3. Food bills
Grocery bills can make up a big proportion of your household spending so it makes sense to look for savings. Plan your meals for a week and then write your shopping list – this will help you avoid buying unnecessary items. Consider changing to a cheaper supermarket or to different brands if you prefer a particular supermarket.

4. Water bills
You can’t switch water suppliers but there are steps you can take to keep your bills down. Check if you’d save money by switching to a water meter. You can use the Consumer Council for Water’s calculator. If you’re on certain benefits and have a large family or someone with a particular medical condition, you may qualify for the WaterSure scheme, which caps water bills. Meanwhile, if you’re on a low income or receiving benefits, check what additional assistance your water company offers.

5. Council Tax
Depending on your circumstances and who is living with you, you may qualify for a Council Tax discount. For example, you can get a 25% discount if you’re the only adult living in the property. Find out what discounts are offered by your local council at GOV.UK.

If you’re on a low income or certain benefits you may be able to get a Council Tax Reduction. Your bill could be reduced by up to 100%. There’s a different scheme in Northern Ireland.

6. Check if you’re entitled to state benefits
Billions of pounds of state benefits go unclaimed each year, and you could be missing out. The national charity Turn2us has a free and confidential benefits calculator on its website (, which can help you work out which means-tested benefits you’re entitled to. It also has a grant search tool ( for information on grants you may be able to apply for.

7. Find out where your money’s going
Start by finding out where your money’s being spent. It sounds obvious, but we may not realise exactly how much we’re spending each month – and what we’re spending it on – until it’s laid out in front of us.

Review your last three bank statements and credit card bills (or check online) and spend some time going through them, highlighting any areas where you think you’re spending money unnecessarily or spending too much. This could be on anything from a top of the range broadband package that you don’t need, to a mobile phone contract where you’re paying for data you don’t use.

Every month money is wasted on unused subscriptions, with the most common wasted money on gym memberships. A fifth (19%) of UK adults said they planned on cancelling TV subscriptions (e.g. Netflix, Amazon Prime). Even magazine subscriptions of a few pounds a month are money down the drain if you don’t have time to read the magazine. Take a few minutes and cancel any subscriptions you don’t really use to save yourself a bit of cash.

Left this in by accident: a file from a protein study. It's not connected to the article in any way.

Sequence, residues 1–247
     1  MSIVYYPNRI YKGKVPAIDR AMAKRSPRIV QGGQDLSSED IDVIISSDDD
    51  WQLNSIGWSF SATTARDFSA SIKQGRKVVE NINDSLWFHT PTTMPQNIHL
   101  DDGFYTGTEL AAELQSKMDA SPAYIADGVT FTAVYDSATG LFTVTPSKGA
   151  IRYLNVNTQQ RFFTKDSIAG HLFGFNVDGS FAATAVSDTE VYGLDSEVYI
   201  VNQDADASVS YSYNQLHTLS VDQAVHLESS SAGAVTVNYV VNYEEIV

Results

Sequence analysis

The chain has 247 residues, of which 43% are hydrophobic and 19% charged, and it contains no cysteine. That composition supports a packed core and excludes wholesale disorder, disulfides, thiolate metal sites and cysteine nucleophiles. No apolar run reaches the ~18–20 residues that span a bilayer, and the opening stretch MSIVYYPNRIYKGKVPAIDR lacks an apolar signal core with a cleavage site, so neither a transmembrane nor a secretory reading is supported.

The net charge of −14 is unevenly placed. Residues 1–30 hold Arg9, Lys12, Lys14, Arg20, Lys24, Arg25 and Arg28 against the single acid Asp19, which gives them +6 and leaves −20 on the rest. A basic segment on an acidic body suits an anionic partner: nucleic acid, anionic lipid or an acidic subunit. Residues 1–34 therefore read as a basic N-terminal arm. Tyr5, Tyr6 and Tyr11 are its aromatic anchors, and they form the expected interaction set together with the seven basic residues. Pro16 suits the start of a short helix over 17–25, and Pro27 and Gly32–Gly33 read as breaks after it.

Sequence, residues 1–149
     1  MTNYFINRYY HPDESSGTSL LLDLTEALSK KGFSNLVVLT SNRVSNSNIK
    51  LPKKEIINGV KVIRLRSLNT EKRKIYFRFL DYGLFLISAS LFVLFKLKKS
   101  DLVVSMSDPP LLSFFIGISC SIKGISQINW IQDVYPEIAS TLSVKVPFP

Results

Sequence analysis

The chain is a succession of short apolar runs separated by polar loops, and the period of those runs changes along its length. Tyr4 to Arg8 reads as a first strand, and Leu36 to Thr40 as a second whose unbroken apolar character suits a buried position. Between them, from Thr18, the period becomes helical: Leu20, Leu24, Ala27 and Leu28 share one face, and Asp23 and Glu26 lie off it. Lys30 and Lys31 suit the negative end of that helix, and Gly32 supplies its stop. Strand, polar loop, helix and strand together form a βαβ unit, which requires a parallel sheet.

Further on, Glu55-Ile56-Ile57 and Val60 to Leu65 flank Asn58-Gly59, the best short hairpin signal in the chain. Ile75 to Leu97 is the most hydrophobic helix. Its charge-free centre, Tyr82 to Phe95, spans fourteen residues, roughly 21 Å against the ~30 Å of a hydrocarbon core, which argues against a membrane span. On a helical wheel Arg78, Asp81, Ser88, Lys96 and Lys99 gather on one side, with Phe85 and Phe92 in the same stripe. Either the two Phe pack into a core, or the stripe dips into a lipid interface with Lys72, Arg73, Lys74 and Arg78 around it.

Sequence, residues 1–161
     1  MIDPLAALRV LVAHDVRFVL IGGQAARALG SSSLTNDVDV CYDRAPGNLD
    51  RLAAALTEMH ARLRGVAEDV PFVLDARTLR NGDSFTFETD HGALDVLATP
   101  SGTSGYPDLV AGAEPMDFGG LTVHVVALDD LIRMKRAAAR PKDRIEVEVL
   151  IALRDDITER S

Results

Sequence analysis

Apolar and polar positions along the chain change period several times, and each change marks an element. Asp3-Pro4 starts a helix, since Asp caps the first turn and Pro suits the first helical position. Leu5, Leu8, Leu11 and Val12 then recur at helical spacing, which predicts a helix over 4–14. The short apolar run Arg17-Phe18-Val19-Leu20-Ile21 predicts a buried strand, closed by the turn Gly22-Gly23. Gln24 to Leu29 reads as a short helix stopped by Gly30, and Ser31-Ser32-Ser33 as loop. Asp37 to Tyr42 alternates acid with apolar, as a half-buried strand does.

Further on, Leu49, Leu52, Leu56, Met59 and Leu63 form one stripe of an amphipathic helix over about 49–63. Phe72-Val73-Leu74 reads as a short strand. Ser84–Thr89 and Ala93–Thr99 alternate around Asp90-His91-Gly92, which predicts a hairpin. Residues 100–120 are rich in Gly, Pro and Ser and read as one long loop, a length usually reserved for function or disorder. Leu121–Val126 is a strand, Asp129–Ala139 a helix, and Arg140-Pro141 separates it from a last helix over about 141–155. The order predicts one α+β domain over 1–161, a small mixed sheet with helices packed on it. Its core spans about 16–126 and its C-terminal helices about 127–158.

8. Draw up a budget
Drawing up a weekly or monthly budget will help you get your finances under control. It’s just a list of money you have coming in and what you spend and it doesn’t have to take long to set up. There are plenty of templates online to get you started. Alternatively, budgeting apps can also be used to plan what you want to spend and keep track of it.

9. See if you can pay less interest
If you owe money on an expensive credit card, it may be worth considering whether you can transfer the balance to a credit card charging 0% interest. Although these cards are interest free, you will normally be charged a balance transfer fee of between 1 and 3% of the amount you transfer. Because you won’t be charged interest on your balance, more of your money can go to repay what you owe.

These cards aren’t right for everyone, and it’s important to make sure you can pay off your balance by the time the 0% interest deal runs out. It may also affect your credit score, especially if you do it multiple times.

10. Get help with unmanageable debts
If you are struggling to pay for the essentials, you are using one credit card to pay off another or your debts are causing you worry, then contact a debt advice charity, such as StepChange. They will be able to give you help with your debts, free of charge.

Source data:
[1] Royal London commissioned a survey by Opinium between 25 February and 1 March 2022 with a sample of 4,001 nationally representative UK adults.